"For the federal government to recognize homosexual pairs in any way, shape, or form is a violation of the federal Defense of Marriage Act."

Rep. Barney Frank, D-Massachusetts, who is openly gay, is a co-sponsor of the House version of the bill, but thinks it should be part of a larger immigration reform measure, according to his spokesman, Harry Gural.

Gural said Frank "doubts that it will be taken up in this Congress because of the overwhelming need to deal with other issues like financial regulation, climate change and health care." Gural said Frank supports the bill, but "he's just a pragmatist."

The Senate Judiciary Committee will hear from couples facing deportation and split because of the law. Nineteen other countries, including much of western Europe and Canada, Brazil and Australia among others, allow nationals to sponsor same-sex partners for citizenship.

"We're not asking for anything special," Rickard said. "This is a civil rights issue; it's about basic rights and right now, we are considered second-class citizens. But this bill, if it passed, it would mean quite simply that we could be equal."

There will also be testimony from opponents like Jessica M. Vaughan, director of policy studies for the Center for Immigration Studies, a group that supports a restrictive immigration policy and the deportation of illegal immigrants. She will testify that immigration numbers in the United States are already staggering and the bill would put further stress on the system.

Vaughan said that because the bill would allow sponsoring of "permanent partnerships," it would be difficult to accept applications because there was no documentation for those, the way there are for marriages.

"Without documents, how do you establish the relationship is bona fide?" she said. "And if we are going to make this change, it should be across all federal levels, not just immigration. What about Social Security and Medicare?"

For some same-sex couples, it is enough to start with immigration.

Jared, a Dutch national living in this country illegally who asked to be identified only by his English nickname, fell in love with Melvin Terry in 1978 while traveling in Europe. He had been with Terry for 18 years when he was told by the U.S. government that he had to leave.

"The fact that the government has the right to tell you your relationship is invalid, it's more than frustrating, it's insulting," Terry said.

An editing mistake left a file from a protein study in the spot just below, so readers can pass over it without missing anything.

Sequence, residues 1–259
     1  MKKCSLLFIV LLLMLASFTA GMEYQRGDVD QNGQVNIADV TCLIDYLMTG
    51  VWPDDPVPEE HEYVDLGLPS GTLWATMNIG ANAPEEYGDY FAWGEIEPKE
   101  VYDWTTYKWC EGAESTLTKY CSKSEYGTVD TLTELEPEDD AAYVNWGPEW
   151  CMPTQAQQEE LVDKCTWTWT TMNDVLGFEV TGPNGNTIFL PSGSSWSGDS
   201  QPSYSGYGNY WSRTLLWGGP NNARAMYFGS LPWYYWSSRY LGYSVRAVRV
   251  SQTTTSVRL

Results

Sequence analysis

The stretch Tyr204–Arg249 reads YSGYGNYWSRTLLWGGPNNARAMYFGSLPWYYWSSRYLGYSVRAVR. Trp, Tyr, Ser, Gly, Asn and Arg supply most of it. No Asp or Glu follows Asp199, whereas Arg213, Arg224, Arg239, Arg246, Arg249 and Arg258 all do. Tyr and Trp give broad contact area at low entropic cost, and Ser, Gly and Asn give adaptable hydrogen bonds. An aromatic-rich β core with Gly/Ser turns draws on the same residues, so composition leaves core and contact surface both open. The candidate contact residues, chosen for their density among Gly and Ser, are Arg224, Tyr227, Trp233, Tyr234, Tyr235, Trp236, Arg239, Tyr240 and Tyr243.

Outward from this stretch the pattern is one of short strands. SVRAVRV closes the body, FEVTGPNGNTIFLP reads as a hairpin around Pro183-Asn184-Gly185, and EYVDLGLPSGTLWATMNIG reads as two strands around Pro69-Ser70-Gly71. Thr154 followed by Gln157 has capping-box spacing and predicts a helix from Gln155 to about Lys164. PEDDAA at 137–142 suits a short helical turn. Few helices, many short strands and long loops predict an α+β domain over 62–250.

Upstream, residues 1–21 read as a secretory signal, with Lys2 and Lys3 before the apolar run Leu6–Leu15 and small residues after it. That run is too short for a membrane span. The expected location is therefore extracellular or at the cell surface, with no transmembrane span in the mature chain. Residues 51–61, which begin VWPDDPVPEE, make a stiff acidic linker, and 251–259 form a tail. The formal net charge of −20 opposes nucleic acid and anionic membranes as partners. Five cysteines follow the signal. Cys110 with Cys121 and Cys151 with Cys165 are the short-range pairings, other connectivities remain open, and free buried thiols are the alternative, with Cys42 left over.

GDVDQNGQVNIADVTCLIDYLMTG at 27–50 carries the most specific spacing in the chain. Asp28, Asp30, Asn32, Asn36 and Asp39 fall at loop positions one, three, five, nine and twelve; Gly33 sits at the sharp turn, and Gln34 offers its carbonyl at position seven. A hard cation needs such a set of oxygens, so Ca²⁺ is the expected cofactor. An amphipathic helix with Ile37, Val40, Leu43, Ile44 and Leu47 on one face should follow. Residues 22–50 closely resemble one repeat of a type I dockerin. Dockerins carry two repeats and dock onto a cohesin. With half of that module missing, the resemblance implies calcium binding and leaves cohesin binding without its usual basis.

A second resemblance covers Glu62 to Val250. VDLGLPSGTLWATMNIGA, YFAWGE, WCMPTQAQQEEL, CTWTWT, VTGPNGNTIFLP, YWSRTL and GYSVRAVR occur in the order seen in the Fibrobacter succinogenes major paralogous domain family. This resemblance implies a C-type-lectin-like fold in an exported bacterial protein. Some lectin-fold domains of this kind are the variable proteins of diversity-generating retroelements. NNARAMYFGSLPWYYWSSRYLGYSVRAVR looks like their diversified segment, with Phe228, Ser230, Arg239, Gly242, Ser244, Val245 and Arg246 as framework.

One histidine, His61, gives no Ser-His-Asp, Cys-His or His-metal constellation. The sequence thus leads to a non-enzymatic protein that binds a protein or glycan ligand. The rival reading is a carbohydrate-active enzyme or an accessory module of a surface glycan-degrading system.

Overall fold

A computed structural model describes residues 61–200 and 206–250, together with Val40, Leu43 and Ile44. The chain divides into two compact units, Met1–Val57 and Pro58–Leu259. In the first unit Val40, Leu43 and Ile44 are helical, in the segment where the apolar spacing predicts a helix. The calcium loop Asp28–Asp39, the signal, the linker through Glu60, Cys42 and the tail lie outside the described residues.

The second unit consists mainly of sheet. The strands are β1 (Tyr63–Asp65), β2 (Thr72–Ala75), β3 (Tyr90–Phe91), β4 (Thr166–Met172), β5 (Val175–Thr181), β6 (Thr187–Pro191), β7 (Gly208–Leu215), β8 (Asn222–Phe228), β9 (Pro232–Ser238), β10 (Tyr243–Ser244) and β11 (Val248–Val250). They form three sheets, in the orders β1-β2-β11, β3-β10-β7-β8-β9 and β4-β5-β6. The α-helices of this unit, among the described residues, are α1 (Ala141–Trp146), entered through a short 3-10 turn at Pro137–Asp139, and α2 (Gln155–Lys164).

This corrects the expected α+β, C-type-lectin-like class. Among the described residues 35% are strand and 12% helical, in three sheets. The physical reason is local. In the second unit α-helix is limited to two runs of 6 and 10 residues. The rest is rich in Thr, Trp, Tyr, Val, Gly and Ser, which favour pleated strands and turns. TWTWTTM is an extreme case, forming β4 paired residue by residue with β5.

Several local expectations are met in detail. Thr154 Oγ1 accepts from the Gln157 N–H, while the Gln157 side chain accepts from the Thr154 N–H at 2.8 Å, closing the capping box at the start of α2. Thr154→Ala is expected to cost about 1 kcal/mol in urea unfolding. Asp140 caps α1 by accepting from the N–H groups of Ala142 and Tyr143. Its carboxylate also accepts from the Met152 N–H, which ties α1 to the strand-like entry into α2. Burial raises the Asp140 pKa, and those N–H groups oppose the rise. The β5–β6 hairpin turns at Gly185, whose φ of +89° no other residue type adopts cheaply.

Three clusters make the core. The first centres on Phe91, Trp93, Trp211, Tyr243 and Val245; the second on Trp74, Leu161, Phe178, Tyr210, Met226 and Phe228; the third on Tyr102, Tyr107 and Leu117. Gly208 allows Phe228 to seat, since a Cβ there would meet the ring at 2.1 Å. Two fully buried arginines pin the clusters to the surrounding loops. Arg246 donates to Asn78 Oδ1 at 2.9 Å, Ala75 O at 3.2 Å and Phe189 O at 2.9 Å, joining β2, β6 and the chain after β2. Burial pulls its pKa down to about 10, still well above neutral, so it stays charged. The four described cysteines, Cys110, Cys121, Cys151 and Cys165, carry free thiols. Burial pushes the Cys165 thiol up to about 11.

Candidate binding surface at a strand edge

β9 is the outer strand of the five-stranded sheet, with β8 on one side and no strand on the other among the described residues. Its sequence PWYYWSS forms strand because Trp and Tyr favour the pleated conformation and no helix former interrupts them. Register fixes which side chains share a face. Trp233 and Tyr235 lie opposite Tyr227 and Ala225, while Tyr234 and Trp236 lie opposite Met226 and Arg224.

Then, Jared's dad became ill in the Netherlands.

He was forced to choose whether to go back home to see his father before he died and risk being denied entry back into the United States because he is HIV-positive or of staying with Terry and never seeing his father again.

His father made the choice for him, sending him a letter and underlining "don't even think about coming here." And so for 13 years, Jared, 49, has remained in the United States illegally to be with his 62-year-old partner.

Canadian Chris Waddling, who came to the United States to study and work beginning in 1994 as a research analyst, is one of the lucky ones -- his employer at UCLA has agreed to sponsor him for a green card and permanent residency.

But Waddling says he sees inequality every day at work, in the shape of a female coworker who married a foreign man and could sponsor him.

"Every single time somebody gets a green card based on a spouse's support, it's one more person who has jumped ahead of me in a line I should be in," Waddling said.

Martha McDevitt-Pugh, founder and chairwoman of the advocacy group Love Exiles, gave up waiting for things to change and moved to the Netherlands so she could be with her Dutch partner, Lin McDevitt-Pugh.

The two married in the Netherlands, but Martha McDevitt-Pugh has struggled to find work abroad.

"I realized that what I had in the U.S. I was never going to have that again," she said. "I wanted to have the same choice as everyone else and that was what made me so angry."
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The McDevitt-Pughs are hopeful this will be the year things will change, and they encourage all gay people to stand up for the rights they deserve.

"What we have on our side is love," Lin McDevitt-Pugh said. "I know that those in exile are in exile because they love somebody so much that they are willing to leave their country and their families."